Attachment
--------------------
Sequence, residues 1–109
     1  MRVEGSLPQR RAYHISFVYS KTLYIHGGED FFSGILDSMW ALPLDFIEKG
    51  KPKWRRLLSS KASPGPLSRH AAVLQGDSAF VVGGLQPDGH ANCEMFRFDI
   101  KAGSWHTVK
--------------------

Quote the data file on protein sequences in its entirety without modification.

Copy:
Sequence, residues 1–109
     1  MRVEGSLPQR RAYHISFVYS KTLYIHGGED FFSGILDSMW ALPLDFIEKG
    51  KPKWRRLLSS KASPGPLSRH AAVLQGDSAF VVGGLQPDGH ANCEMFRFDI
   101  KAGSWHTVK